Controversial Liberty State Park Bill Advances Through State Committees

Liberty State Park has been embroiled in a battle for years over possible privatization. Editorial credit: ms_pics_and_more / Shutterstock.com.

A controversial Liberty State Park bill that critics have warned will open the park to advanced privatization by two state legislative committees in the space of a week, bringing it closer to being fully voted on by Trenton lawmakers.

The bill, titled the Liberty State Park Conservation, Recreation, and Community Inclusion Act, would provide $250 million to permanently create a task force to create short-term actions and a long-term master plan for the park. .

The short-term actions would aim to improve public use and “enjoyment” of conservation and recreation areas, while the long-term master plan would aim to improve park facilities, programs and amenities, as well as as the new transport and mobility services to the park. .

However, the bill has been criticized by environmental activists for allowing privatization of the park, such as language that says revenue must be generated by the park and that there is no protection against such privatization.

The bill has also been accused of being orchestrated by Paul Fireman, the billionaire who owns the nearby Liberty National Golf Course and had sought to privatize Caven Point for it.

On June 16, the state Senate’s version of the bill, introduced by state senator Brian Stack, was unanimously advanced by the Senate Energy and Environment Committee, as well as amendments such as the one that removed the requirement that the park master plan generate revenue.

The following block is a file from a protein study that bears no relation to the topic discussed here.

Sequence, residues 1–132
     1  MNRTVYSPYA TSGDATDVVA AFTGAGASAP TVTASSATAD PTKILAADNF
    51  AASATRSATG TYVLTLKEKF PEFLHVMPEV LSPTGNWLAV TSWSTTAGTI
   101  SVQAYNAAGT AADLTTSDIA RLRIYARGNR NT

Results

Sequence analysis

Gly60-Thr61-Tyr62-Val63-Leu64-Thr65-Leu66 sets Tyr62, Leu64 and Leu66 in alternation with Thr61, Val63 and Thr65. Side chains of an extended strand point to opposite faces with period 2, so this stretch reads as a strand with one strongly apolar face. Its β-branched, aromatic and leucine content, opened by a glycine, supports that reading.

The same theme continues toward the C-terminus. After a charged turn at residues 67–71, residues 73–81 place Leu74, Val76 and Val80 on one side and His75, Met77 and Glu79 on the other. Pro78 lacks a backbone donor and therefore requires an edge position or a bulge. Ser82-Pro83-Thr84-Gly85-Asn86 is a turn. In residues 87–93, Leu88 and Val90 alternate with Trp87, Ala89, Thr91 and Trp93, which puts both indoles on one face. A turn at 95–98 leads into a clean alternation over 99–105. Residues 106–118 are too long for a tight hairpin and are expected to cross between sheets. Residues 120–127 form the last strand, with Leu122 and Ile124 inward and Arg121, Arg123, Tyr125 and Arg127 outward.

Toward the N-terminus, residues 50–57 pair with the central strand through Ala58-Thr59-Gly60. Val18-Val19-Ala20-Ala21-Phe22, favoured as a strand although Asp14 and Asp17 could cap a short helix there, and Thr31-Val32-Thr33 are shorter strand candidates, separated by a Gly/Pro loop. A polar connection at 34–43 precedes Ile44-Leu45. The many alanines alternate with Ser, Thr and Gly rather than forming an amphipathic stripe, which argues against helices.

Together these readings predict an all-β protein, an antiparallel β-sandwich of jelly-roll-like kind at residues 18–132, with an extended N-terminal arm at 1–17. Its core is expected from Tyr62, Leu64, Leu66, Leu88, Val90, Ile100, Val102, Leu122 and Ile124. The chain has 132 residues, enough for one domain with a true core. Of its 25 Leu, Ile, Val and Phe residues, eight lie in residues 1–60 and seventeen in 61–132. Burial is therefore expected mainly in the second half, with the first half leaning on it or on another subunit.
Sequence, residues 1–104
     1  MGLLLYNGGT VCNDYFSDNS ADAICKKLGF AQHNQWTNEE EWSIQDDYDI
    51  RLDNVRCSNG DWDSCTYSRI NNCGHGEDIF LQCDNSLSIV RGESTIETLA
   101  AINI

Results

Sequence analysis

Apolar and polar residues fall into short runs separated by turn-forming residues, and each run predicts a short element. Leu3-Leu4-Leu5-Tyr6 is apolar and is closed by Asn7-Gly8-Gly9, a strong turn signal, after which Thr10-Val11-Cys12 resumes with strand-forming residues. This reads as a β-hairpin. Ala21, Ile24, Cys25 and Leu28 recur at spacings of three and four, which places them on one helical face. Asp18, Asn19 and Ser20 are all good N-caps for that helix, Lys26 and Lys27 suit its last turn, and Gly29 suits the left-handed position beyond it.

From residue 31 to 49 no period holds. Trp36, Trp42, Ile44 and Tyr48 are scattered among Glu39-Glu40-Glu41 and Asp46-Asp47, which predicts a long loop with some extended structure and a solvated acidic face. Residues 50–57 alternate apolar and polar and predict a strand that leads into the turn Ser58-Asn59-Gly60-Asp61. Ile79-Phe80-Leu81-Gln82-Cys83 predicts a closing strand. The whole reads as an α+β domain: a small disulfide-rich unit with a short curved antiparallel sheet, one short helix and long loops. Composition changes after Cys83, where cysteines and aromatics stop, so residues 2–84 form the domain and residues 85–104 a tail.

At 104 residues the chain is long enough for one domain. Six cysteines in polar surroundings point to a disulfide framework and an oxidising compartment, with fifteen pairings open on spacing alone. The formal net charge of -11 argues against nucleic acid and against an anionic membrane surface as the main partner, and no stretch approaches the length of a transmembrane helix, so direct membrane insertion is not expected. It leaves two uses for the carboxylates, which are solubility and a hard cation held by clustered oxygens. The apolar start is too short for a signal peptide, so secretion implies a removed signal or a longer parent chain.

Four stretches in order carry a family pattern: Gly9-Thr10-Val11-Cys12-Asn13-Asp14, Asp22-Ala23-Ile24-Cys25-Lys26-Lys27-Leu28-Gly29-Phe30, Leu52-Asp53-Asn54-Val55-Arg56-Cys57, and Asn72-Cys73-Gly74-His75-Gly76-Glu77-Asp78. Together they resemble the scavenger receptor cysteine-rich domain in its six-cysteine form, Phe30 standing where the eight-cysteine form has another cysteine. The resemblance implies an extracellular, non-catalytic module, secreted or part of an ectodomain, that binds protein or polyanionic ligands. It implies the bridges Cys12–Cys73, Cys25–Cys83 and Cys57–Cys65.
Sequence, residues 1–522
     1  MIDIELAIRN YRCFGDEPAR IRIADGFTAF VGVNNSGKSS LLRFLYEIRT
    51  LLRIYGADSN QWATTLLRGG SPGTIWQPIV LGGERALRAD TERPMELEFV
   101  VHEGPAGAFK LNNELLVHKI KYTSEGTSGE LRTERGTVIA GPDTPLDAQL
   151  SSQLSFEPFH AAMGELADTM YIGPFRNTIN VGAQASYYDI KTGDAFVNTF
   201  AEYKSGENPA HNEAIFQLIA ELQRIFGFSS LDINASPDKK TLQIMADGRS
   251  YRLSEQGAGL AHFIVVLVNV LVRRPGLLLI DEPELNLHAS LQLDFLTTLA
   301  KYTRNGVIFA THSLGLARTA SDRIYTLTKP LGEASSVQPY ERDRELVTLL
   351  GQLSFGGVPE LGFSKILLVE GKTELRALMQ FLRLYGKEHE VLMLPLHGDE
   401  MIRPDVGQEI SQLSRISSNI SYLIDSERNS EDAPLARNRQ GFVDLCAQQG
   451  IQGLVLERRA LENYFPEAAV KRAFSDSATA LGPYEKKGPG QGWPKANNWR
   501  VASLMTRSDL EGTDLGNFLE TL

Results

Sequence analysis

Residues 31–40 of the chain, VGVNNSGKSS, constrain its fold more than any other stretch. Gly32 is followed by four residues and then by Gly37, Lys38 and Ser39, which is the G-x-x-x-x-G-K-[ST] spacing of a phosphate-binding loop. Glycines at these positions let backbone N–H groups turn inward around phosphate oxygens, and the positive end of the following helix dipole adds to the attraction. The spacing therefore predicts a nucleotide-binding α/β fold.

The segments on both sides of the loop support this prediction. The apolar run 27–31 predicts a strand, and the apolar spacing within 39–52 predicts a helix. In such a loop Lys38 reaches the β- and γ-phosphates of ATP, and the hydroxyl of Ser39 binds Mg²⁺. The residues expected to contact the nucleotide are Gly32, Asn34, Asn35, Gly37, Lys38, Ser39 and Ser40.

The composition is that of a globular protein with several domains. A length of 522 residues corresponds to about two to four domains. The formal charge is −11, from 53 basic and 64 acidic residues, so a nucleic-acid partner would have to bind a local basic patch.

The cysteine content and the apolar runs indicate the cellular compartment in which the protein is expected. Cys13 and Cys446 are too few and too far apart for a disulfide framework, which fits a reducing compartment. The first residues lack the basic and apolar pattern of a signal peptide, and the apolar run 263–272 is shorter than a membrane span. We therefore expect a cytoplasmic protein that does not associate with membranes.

A week later, on June 22, the Assembly’s version of the bill, sponsored by Hudson County Assemblymen Angela McKnight, William Sampson and Annette Chaparro, was also brought forward to the unanimously by the Assembly’s State and Local Government Committee, but no amendments were added.

After the Assembly’s version approved the committee, McKnight, Sampson and Chaparro said in a joint statement that the park “must continue to be preserved and enriched as a national treasure for the enjoyment of generations to come.”

“The park offers an abundance of magnificent views and free recreation areas for all to enjoy,” they said. “Families love making memories at Liberty State Park. We need to plan his future in place to ensure he is there for the next generation.

While some critics agreed in parts that there should be recreational opportunities in the park, they pushed back against large-scale developments and argued for legislation that would protect the park from privatization, as well as protections for Cave Point.

But State Sen. Bob Smith, who chairs the Senate Energy and Environment Committee, said New Jersey Monitor that he would not introduce a bill backed by advocates that would protect the park from privatization. Assemblyman Anthony Verrelli, who chairs the Assembly Committee on State and Local Government, also told the Monitor that he doesn’t know if he’s going to move on.

For updates on this story and others, check out hudsonreporter.com and follow us on Twitter @hudson_reporter. Mark Koosau can be reached at [email protected] or on his Twitter @snivyTsutarja.

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